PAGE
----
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Chapter: Multicore Application Programming For Windows, Linux, and Oracle Solaris : Hardware, Processes, and Threads

Supporting Multiple Threads on a Single Chip

The core of a processor is the part of the chip responsible for executing instructions. The core has many parts, and we will discuss some of those parts in detail later in this chapter.

Supporting Multiple Threads on a Single Chip

The core of a processor is the part of the chip responsible for executing instructions. The core has many parts, and we will discuss some of those parts in detail later in this chapter. A simplified schematic of a processor might look like Figure 1.3.

Cache is an area of memory on the chip that holds recently used data and instructions. When you look at the piece of silicon inside a processor, such as that shown in Figure 1.7, the core and the cache are the two components that are identifiable to the eye. We will discuss cache in the “Caches” section later in this chapter.


The simplest way of enabling a chip to run multiple threads is to duplicate the core multiple times, as shown in Figure 1.4. The earliest processors capable of supporting mul-tiple threads relied on this approach. This is the fundamental idea of multicore proces-sors. It is an easy approach because it takes an existing processor design and replicates it. There are some complications involved in making the two cores communicate with each other and with the system, but the changes to the core (which is the most complex part of the processor) are minimal. The two cores share an interface to the rest of the system, which means that system access must be shared between the two cores.

However, this is not the only approach. An alternative is to make a single core execute multiple threads of instructions, as shown in Figure 1.5. There are various refinements on this design:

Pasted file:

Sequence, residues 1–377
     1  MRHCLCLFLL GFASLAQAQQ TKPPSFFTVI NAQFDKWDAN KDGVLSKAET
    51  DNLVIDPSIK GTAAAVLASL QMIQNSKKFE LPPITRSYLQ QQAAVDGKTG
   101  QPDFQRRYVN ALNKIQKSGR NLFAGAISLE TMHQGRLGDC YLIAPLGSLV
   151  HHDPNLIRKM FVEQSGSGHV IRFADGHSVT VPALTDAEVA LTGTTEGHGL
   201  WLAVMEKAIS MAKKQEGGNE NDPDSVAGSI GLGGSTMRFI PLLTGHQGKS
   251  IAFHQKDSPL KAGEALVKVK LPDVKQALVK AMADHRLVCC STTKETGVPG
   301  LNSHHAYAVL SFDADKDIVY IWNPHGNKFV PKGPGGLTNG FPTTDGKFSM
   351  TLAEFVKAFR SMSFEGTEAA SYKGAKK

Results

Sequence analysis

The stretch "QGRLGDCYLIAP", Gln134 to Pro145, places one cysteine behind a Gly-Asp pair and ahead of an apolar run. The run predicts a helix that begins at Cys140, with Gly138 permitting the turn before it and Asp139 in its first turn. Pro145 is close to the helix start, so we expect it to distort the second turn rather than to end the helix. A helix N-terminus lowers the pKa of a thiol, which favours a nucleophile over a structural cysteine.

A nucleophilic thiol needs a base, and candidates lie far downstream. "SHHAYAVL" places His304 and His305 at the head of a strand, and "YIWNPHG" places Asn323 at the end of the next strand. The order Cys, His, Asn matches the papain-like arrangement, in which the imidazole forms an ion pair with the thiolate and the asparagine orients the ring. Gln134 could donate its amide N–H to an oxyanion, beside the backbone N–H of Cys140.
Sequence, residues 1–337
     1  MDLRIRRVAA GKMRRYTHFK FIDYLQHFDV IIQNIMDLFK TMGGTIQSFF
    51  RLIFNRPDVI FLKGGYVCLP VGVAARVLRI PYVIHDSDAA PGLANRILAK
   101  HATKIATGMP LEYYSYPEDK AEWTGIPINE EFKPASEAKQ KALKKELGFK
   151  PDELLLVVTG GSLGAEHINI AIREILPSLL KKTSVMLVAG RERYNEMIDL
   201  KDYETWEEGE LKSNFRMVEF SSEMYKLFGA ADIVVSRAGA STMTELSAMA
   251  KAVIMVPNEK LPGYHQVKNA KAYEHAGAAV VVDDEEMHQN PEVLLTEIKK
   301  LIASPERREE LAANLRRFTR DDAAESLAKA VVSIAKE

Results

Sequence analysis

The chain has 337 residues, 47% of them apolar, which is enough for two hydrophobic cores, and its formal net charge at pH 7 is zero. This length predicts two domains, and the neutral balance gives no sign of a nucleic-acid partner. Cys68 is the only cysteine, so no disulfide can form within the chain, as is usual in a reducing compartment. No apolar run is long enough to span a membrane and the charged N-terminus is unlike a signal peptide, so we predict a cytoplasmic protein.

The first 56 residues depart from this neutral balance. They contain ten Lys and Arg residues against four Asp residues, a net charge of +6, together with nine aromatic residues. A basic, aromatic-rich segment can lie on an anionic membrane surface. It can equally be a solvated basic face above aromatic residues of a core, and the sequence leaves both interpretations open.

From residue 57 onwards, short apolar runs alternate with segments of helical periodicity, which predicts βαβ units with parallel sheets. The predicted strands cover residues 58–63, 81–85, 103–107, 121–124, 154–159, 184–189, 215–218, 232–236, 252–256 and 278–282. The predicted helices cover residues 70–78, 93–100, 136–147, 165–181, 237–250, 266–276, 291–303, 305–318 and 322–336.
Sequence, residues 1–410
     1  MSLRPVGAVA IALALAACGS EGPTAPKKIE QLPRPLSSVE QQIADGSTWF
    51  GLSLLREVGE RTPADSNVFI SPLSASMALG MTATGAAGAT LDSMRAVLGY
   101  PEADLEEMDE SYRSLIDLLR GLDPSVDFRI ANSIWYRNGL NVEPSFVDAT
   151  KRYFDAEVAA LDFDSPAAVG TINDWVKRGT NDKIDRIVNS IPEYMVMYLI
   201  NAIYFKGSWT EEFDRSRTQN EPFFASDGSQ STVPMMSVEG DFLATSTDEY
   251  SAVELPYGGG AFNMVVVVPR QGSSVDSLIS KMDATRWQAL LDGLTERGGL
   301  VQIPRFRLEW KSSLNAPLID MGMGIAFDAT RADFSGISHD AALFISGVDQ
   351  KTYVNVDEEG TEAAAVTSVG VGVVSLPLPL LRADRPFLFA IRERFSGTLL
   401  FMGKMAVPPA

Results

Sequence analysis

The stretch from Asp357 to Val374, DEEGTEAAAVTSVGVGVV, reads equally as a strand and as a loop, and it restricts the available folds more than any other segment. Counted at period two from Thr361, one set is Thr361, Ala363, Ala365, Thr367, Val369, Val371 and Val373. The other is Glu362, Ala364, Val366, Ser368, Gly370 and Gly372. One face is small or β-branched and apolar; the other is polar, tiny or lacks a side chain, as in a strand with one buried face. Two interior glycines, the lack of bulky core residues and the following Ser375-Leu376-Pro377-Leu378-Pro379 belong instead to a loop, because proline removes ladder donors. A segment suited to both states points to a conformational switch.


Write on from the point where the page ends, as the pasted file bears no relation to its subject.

The core could execute instructions from one software thread for 100 cycles and then switch to another thread for the next 100.


The core could alternate every cycle between fetching an instruction from one thread and fetching an instruction from the other thread.


The core could simultaneously fetch an instruction from each of multiple threads every cycle.


The core could switch software threads every time the stream that is currently executing hits a long latency event (such as a cache miss, where the data has to be fetched from memory).

With two threads sharing a core, each thread will get a share of the resources. The size of the share will depend on the activity of the other thread and the number of resources available. For example, if one thread is stalled waiting on memory, then the other thread may have exclusive access to all the resources of the core. However, if both threads want to simultaneously issue the same type of instruction, then for some processors only one thread will be successful, and the other thread will have to retry on the next opportunity.


Most multicore processors use a combination of multiple cores and multiple threads per core. The simplest example of this would be a processor with two cores with each core being capable of supporting two threads, making a total of four threads for the entire processor. Figure 1.6 shows this configuration.


When this ability to handle multiple threads is exposed to the operating system, it usually appears that the system has many virtual CPUs. Therefore, from the perspective of the user, the system is capable of running multiple threads. One term used to describe this is chip multithreading (CMT)—one chip, many threads. This term places the emphasis on the fact that there are many threads, without stressing about the implementation details of how threads are assigned to cores.


The UltraSPARC T2 is a good example of a CMT processor. It has eight replicated cores, and each core is capable of running eight threads, making the processor capable of running 64 software threads simultaneously. Figure 1.7 shows the physical layout of the processor.